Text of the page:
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Hello all,

Lots of helpfull and encouraging information here. I have just bought a used bike and have a few questions about it.

It is a Specialized Hardrock 24 spd with front suspension. I think the frame is around 18-19"s. I picked it up at a Pawn Shop for 75.00 bucks.

Obvious problems are a fraying front shifter cable, loose pedal, worn out saddle and some cosmetic stuff.

Questions.
1. How difficult is it to replace the farying cable my self?
2. Is it worth upgrading the pedals to clipless as opposed to some new platform pedals?
3. What is the best way to choose a new saddle?
4. How can I tell what year the bike is?

Thanks for any and all info.

Randy
 

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Semi-Hairless Sasquatch
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1. Replacing the cable shouldn't be too bad. Adjusting the derailleur after you replace the cable could be a little tricky if you've never done it before.

2. Really a matter of personal preference. I've been riding clipless on predominately singletrack and like it a lot, been thinking about picking up a decent set of platforms to try them out as well though. People who do mostly downhill and freeride type riding seem to be more partial to platforms as it's easier to dab and/or get clear of the bike when bailing. People who are more into cross country tend to like the additional pedaling efficiency ease of keeping your feet on the bike that clipless provides. Either way you go, getting a decent set of pedals and shoes is worth it IMO.

3. Get your butt fit so you can see what size saddles are supposed to be ergonomically correct for you and use that as a jumping off point. I'd say buy locally and from a store that will let you try a saddle for a couple weeks and exchange it for a different one if it doesn't work out for you.

4. Should be able to tell by the serial number in some manner, but I'm not aware of where you would look this up. Alternately you could post a picture, or go through the Post Your Hardrock Here topic in the Specialized forum and try to match it by looks.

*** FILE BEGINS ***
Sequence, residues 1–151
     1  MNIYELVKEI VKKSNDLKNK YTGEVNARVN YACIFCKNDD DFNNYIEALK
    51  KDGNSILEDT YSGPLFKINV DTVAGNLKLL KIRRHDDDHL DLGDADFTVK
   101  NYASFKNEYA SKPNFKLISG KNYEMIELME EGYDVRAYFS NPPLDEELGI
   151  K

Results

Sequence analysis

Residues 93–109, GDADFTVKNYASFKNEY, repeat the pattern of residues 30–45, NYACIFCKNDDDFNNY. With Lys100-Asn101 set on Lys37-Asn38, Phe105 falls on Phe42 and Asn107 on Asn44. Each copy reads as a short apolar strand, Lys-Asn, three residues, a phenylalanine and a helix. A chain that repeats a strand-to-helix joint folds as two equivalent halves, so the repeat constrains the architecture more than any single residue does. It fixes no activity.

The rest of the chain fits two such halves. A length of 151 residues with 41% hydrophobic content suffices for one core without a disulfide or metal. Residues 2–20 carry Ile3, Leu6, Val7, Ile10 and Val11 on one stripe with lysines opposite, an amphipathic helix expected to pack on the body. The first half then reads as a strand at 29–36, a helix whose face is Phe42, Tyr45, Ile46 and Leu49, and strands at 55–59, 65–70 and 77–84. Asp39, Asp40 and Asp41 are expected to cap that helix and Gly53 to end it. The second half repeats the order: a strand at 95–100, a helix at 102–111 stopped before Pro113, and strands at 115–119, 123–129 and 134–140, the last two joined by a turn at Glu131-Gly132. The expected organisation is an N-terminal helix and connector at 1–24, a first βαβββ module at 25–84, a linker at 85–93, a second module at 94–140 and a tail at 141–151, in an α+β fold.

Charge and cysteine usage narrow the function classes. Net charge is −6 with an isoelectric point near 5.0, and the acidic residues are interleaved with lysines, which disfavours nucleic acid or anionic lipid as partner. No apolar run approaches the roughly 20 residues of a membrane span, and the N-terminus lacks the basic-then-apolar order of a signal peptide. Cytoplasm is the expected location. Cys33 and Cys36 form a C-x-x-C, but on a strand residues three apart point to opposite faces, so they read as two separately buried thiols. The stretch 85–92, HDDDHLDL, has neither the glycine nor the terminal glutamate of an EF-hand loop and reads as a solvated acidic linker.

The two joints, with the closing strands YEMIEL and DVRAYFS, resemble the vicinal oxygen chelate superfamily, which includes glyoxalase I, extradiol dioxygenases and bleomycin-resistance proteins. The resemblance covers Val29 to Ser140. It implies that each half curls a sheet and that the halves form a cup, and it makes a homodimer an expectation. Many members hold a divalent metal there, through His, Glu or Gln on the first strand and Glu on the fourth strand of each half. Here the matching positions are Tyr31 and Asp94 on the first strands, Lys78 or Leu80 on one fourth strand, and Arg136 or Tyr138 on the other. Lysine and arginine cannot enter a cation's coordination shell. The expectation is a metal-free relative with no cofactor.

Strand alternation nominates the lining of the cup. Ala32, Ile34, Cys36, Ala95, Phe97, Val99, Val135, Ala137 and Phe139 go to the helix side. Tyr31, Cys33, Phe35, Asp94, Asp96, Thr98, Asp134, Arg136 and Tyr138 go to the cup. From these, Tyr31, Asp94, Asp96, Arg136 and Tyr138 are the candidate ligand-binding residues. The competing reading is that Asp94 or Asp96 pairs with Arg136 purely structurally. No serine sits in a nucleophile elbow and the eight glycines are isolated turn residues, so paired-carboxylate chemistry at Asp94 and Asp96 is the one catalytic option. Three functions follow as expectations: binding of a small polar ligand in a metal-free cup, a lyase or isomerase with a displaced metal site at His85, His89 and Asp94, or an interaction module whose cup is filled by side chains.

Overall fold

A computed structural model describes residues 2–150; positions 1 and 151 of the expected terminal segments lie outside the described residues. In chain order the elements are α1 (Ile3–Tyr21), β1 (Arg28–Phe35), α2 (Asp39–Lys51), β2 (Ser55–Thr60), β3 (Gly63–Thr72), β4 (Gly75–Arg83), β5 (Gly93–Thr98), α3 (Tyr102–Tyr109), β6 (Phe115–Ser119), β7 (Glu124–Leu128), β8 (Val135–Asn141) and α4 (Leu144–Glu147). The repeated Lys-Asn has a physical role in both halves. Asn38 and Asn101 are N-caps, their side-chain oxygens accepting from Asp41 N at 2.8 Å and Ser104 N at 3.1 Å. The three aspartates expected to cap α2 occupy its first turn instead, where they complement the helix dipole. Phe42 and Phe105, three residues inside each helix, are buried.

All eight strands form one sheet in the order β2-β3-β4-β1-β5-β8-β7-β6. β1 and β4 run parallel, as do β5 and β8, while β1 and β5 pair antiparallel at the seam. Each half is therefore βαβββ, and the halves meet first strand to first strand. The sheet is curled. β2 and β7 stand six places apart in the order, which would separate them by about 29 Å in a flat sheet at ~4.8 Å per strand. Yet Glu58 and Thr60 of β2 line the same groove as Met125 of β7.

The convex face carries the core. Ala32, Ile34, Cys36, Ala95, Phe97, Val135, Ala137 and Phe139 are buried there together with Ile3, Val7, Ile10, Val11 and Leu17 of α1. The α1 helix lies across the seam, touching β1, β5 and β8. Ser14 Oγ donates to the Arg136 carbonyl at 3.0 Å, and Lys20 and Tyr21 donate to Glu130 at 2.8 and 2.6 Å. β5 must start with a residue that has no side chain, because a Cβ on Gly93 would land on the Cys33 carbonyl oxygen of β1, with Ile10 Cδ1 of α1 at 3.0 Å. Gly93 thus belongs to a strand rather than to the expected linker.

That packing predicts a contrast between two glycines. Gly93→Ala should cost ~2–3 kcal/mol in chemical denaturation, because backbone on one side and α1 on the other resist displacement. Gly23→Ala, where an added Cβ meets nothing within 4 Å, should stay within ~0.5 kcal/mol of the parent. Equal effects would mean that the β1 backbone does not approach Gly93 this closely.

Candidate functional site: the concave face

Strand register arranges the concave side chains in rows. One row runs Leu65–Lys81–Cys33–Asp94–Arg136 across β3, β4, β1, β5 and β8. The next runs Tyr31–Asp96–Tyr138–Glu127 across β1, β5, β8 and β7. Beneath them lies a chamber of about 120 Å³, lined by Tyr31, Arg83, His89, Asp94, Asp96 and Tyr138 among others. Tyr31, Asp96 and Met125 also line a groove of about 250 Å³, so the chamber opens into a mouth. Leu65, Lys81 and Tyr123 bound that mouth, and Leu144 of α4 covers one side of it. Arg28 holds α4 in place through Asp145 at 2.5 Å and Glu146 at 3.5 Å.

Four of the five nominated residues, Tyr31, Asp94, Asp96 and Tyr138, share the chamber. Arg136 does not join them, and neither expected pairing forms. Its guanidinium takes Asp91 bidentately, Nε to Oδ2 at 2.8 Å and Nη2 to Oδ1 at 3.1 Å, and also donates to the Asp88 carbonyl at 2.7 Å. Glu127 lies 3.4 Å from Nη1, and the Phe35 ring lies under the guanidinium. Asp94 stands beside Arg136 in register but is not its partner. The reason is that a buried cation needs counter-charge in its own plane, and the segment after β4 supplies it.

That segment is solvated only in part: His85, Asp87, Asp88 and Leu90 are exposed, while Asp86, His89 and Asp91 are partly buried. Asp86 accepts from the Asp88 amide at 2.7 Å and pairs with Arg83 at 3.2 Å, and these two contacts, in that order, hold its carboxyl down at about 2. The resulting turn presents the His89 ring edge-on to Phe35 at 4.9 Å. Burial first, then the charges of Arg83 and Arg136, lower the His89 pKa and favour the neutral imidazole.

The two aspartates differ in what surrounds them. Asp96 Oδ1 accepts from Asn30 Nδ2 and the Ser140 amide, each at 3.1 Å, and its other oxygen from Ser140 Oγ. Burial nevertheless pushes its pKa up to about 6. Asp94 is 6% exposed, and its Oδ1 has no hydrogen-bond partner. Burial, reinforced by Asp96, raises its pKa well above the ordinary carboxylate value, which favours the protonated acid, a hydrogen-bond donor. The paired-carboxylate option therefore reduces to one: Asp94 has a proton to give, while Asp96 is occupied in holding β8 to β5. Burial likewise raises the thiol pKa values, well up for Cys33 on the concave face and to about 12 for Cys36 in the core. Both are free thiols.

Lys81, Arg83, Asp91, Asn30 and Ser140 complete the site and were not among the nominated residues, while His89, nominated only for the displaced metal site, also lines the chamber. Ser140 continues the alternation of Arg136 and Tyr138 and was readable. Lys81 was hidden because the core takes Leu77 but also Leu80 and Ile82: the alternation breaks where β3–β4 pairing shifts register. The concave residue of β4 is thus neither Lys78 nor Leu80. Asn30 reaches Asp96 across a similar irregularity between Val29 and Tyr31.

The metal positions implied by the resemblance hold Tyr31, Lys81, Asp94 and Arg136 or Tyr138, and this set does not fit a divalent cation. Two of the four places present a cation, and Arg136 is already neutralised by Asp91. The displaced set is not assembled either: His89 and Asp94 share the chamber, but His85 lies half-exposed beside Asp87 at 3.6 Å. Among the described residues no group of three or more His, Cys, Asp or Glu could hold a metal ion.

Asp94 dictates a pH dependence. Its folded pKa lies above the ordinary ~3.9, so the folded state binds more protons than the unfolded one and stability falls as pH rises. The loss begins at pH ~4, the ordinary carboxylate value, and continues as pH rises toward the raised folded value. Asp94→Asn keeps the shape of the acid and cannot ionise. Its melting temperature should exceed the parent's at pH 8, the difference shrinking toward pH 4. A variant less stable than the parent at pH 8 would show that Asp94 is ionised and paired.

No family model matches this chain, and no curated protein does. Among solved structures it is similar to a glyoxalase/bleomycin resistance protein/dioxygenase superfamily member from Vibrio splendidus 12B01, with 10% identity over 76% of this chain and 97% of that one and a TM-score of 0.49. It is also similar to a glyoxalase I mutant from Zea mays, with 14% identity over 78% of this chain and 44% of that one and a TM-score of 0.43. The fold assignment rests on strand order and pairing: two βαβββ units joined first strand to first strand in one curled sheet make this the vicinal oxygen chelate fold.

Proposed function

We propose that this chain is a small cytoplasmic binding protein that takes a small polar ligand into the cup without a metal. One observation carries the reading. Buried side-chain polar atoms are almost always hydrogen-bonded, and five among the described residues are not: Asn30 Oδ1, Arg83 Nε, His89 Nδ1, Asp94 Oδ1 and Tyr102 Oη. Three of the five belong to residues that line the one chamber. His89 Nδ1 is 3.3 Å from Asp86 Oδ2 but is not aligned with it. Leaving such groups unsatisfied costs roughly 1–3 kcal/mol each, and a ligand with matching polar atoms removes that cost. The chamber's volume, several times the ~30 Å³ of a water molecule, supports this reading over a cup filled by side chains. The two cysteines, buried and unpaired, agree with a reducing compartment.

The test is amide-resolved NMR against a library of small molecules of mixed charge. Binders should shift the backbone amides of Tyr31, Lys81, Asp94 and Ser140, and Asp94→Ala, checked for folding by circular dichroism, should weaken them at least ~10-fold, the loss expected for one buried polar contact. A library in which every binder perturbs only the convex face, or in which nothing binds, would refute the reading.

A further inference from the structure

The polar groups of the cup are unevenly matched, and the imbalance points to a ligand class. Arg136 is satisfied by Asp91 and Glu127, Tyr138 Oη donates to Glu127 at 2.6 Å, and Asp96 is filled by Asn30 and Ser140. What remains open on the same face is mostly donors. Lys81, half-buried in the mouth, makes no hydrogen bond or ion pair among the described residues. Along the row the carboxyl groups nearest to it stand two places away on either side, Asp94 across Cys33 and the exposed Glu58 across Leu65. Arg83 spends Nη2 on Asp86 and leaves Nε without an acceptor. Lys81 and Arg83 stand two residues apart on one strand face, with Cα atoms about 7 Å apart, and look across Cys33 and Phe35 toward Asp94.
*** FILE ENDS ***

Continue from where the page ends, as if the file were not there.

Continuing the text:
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Reignmann33 said:
Hello all,

Lots of helpfull and encouraging information here. I have just bought a used bike and have a few questions about it.

It is a Specialized Hardrock 24 spd with front suspension. I think the frame is around 18-19"s. I picked it up at a Pawn Shop for 75.00 bucks.

Obvious problems are a fraying front shifter cable, loose pedal, worn out saddle and some cosmetic stuff.

Questions.
1. How difficult is it to replace the farying cable my self?
2. Is it worth upgrading the pedals to clipless as opposed to some new platform pedals?
3. What is the best way to choose a new saddle?
4. How can I tell what year the bike is?

Thanks for any and all info.

Randy
First off, welcome to the wonderful world of mountain biking.
1) frayed cable- in and of itself is a simple exchange. But it will most likely require some fine tuning to get the shifting correct. I would recommend that you pony up the extra few bucks to have your local bike shop do this for you. You want to make sure it is done right or its not worth doing it at all.

2)Pedals-being clipped in certainly has its advantages out on the trail, especially if you plan to race. Things to consider, this is an investment. You would have to buy pedals and shoes. Together that equate to a few hundred dollars which is more than you spent on the ride. You'll have to decide if it is within your budget. But it is certainly worth having if you can afford it.

3)Saddle-Again LBS will be your friend on this. Find a reputable dealer, preferably one that deals with Bontrager parts because they will likely have a measuring tool for your sit bones. That will get you into the size range that you need to narrow down the selection a lot. Of course you do not have to buy a Bontrager saddle unless that is the best one for you.

4)Most bikes only you a paint job/color scheme for one season. If you head to bikepedia.com you can start by guessing a year(something you think is close) then move through the different years until you see the one that looks like yours. It will give you all the info that you want to know about the bike.

Hope this helped and happy trails to you
 

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Semi-Hairless Sasquatch
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Specialized dealers also have the Body Geometry measuring system (I tend to like their saddles as well as they offer a relativley wide range of size and shape options). Ultimately, you can do this on your own by sitting on a piece of wet cardboard and measuring the distance between the impressions your sitbones make.

Edit: On the shoe/pedal front, while you could spend $500+ on a set of top of the line clipless pedals and shoes, you can get a perfectly serviceable setup for $100-150 that should be fine for years. I'd look at spending about 2x more on the shoes than the pedals for your first set as the main difference within clipless pedal lines is weight and the ability to rebuild them. The stiffness of the soles, durability, and overall comfort of the shoes seems to vary more as a function of price. Seems like you can get an equivalent quality platform setup for roughly the same price (maybe more like $75-125 for decent entry level) but they top out a bit earlier at ~ $150 for the shoes and $125-150 for the pedals. I don't have significant first hand experience w/ platforms though.
 
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